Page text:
Hawaii County is considering restricting public access to a popular, scenic destination many consider culturally sacred.

The goal of Bill 217 is to protect Waipio Valley and mitigate safety hazards by closing the single-lane road from the lookout area to the valley floor to pedestrians, according to former Hawaii County Councilwoman Valerie Poindexter, who sponsored the bill before being termed out.

The pressure of up to 400 cars and 200 pedestrians a day on the crumbling roadway is too much for the historic, sensitive area, Poindexter said.

“The life of the valley, we want to protect that,” Poindexter said.

Opponents say the rule is unfair, blocking the only pedestrian access into Waipio, which sits on the lush northeastern end of Hawaii Island.

The sponsor of a bill to close the Waipio Valley road to pedestrians says it’s threatened by too much foot traffic. Courtesy of Ed Johnston

They say blocking the road would keep people from using public land, essentially turning it over to private landowners who live in the valley.

“I’m puzzled by it, honestly,” said island resident and Waipio visitor Ed Johnston. “I don’t understand this at all.”

Johnston pointed to the relatively few accidents reported on the roadway. The last vehicular fatality was about 18 years ago, he said.

The benefits of access far outweigh any perceived safety risks, he said, including a mile-long beach at the valley’s floor, the state’s Muliwai trail and its campground and the mauka-makai King’s Trail, all of which can only be traversed on foot.

If the road is closed to foot traffic, hikers who drive down instead won’t have anywhere to park, he added.

“It seems like they’re oblivious” to the public benefit, Johnston said.

Poindexter, who termed out of office this month, said that the pressure on the valley and the road has been an issue for decades.

The road is in desperate need of repair, she said. Poindexter sees restricting access to foot traffic as only the first step. She and other council supporters are looking at blocking vehicle traffic as well, but that will take longer because of the various agencies and jurisdictions that would have to sign off on it.

“We’re working on it. It’s a little more complex,” Poindexter said at a recent virtual forum on the issue. “We have not disregarded that.”

The Waipio Valley is home to taro farmers and the site where King Kamehameha was hidden from warring clans as a newborn.

Other possibilities would include restricting vehicle permits or enhancing the rim and lookout area so that visitors could spend time there instead of traversing to the valley. A final comprehensive plan could include components of the various ideas, stakeholders said.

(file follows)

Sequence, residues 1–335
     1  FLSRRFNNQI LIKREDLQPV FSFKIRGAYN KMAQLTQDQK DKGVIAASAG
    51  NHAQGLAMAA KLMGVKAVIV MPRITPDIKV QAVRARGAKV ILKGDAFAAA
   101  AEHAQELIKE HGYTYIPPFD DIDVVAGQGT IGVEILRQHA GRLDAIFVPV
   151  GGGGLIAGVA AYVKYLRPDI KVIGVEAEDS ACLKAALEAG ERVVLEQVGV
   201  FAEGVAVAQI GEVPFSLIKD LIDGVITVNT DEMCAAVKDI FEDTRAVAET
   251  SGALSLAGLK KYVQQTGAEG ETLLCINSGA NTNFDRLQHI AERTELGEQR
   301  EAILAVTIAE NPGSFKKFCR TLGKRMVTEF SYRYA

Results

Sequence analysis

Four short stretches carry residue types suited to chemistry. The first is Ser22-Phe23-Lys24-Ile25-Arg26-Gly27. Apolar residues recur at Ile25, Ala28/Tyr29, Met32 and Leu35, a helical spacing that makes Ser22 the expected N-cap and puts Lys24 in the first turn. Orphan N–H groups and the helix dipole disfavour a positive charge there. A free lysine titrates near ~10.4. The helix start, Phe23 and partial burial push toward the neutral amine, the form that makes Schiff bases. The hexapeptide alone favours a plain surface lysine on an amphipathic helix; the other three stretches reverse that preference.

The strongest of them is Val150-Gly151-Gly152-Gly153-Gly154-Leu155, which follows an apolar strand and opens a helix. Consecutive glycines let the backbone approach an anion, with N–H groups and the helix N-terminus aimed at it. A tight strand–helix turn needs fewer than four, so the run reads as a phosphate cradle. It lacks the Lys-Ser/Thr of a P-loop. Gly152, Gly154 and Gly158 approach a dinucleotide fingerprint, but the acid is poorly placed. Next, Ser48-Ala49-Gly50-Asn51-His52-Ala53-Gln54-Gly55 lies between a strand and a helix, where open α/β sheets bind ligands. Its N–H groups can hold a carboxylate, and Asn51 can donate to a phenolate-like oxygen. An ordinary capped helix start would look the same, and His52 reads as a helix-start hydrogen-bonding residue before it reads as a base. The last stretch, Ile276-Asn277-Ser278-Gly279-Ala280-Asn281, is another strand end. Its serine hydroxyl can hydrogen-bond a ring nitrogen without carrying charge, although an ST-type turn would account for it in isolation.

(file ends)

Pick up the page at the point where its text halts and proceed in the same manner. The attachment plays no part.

Opponents say the proposal would block people from accessing public lands. Flickr: E Palen

Among those who oppose the closure is Jackson Bauer, Na Ala Hele Trails and Access Program coordinator in the Division of Forestry and Wildlife for the Department of Land and Natural Resources.

“This bill would severely limit the public’s right to access public lands,” Jackson wrote in public testimony to the council. “This would include county-protected shoreline access to state shoreline and waters, forest reserves and both historic and recreational trials.”

Heather Kimball, who replaced Poindexter in the Hamakua District this month, said she wasn’t aware the issue had been moving forward until it came to a council subcommittee recently and made the local news.

“It fell in my lap, really, as far as timing and my term go,” she said.

But Kimball hosted the Facebook Live meeting, which brought together a dozen or so stakeholders, including Poindexter and nearby landowners Bishop Museum and Kamehameha Schools, as well as more than 30 others.

She’s still collecting testimony before the council hears the bill Wednesday. The bill would have to pass two readings.

“I’m still deliberating,” Kimball said. “I don’t want to put into place legislation that doesn’t solve the problem.”

Currently, the Department of Public Works is performing a technical study of the road’s integrity. Those results won’t be available until January, however.

The ban on pedestrians would not apply in emergencies. Owners, lessees and residents of the valley would be exempt, as would Native Hawaiian cultural practitioners exercising their traditional and customary rights.

Taro farmer and valley resident Jim Cain supports the proposal.

He said the volume of rental cars and hikers on the road makes travel nearly impossible for farmers trying to transport their goods. The dangerous situation is only getting worse the more Waipio Valley is promoted to the outside world, he said, so the time to act is now.

“We can do a better job,” Cain said.

Others, like Councilman Tim Richards, worry that closing access to Waipio would just put pressure on other nearby tourist destinations, like the popular Pololu Trail.

Kimball said she had concerns about that, as well as the possible unintended consequence of increased motor traffic on the road after foot traffic is banned.

On the other hand, she said, “I absolutely acknowledge something must be done.”

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